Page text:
[Foundation-l] Live mirrors
toddmallen at gmail.com
Wed May 30 23:13:10 UTC 2007
Robert Horning wrote:
> Sebastian Moleski wrote:
>> On 5/30/07, Klaus Graf <klausgraf at googlemail.com> wrote:
>>> I cannot see that blocking life mirrors is allowed by the GNU FDL:
>>> "You may not use technical measures to obstruct or control the reading
>>> or further copying of the copies you make or distribute."
>> It certainly is. Wikimedia can freely choose who it will distribute its
>> licensed content to. Users accessing Wikimedia sites with a web browser are
>> fine. Live mirrors leeching bandwidth are not. There is nothing that
>> mandates Wikimedia to distribute its contents to everyone for every reason
>> for no price.
> I think there needs to be made a point here, that the WMF certainly can
> control to whom and for how much they want to charge for people who want
> to copy content from Wikimedia servers. The GFDL explicitly permits
> even commercial projects and even for-profit corporations from making
> money off of content available under the GFDL.
> The difference here is that the WMF can't tell you what you can and
> can't do with that content after you have received that content...
> provided you use the content according to the terms of the GFDL. And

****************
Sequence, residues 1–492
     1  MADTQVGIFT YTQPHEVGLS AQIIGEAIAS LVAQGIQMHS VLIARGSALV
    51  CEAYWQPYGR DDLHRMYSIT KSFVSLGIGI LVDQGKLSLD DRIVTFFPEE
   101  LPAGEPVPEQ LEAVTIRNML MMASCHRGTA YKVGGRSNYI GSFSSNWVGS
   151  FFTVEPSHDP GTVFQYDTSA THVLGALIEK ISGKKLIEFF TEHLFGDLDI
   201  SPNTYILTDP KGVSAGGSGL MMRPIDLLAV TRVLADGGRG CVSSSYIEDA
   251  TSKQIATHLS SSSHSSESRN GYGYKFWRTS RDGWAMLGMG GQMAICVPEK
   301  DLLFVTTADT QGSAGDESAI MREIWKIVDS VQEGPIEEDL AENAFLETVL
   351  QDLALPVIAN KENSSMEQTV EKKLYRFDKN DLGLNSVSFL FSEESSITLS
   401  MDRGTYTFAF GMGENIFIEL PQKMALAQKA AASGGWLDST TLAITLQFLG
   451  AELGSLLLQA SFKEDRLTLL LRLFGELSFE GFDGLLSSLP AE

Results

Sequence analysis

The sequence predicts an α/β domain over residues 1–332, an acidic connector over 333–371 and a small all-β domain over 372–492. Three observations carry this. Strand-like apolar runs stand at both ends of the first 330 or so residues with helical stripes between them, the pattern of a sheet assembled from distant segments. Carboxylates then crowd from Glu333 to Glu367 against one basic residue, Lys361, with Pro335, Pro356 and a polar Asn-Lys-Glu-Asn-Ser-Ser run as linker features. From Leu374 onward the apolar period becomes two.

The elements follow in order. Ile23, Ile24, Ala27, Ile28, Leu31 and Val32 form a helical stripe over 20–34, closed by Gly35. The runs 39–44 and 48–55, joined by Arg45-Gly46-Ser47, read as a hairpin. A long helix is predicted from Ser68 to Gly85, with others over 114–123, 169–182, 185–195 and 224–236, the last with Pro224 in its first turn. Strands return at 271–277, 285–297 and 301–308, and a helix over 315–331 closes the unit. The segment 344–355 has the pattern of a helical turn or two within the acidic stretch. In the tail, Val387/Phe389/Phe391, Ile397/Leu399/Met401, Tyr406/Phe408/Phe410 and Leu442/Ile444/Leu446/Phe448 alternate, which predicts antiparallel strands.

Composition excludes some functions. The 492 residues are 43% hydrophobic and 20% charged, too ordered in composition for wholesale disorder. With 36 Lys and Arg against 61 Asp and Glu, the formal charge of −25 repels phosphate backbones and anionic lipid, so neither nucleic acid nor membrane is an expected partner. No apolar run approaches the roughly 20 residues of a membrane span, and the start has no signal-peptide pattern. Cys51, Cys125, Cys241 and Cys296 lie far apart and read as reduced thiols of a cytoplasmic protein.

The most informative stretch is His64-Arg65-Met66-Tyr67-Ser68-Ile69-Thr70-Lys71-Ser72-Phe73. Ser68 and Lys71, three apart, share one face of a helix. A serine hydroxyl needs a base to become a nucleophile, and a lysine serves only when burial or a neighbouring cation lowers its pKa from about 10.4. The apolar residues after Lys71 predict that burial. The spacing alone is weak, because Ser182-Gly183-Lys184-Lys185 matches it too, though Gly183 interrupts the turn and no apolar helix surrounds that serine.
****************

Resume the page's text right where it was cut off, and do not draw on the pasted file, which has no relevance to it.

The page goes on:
> even then the WMF has very little say in what can't be done with the
> content even if you breech the terms of the GFDL.... as the WMF doesn't
> even have a copyright on the vast majority (nearly all) of the content
> on Wikimedia projects. They couldn't even be a party in enforcing the
> GFDL for 99.9999% of the content. This is one area where the WMF is not
> as quite of a strong ground as the Free Software Foundation, as the FSF
> *does* own copyright on all of the "official" GNU software. So it can
> enforce the GPL for software it has a copyright to.
> In regards to "live" mirrors that are constantly sucking bandwidth off
> of the Wikimedia server farm, I would have to agree that this is a major
> problem and something that should be dealt with, both on a legal front
> as well as through technical means. I would be curious about some
> comparisons of the bandwidth need of a *very* active Wikimedia
> user/administrator who is on-line nearly 24/7 vs. one of these mirror
> sites. I think it would be easy for an active editor/user to suck at
> least 1 GB of data/day, but it would be along this order of magnitude of
> bandwidth. It would be an interesting test to see how much it would
> actually come out to in practice.
> Robert Horning
> foundation-l mailing list
> foundation-l at lists.wikimedia.org
But even so, the Foundation has every right to say "It is totally
acceptable for a very active administrator (or even a very voracious
reader) to use 1 GB a day if they want to, but it is not acceptable for
a live mirror to do so." Legitimate (even if heavy) users of a site are
one thing, bandwidth leeches are quite another.
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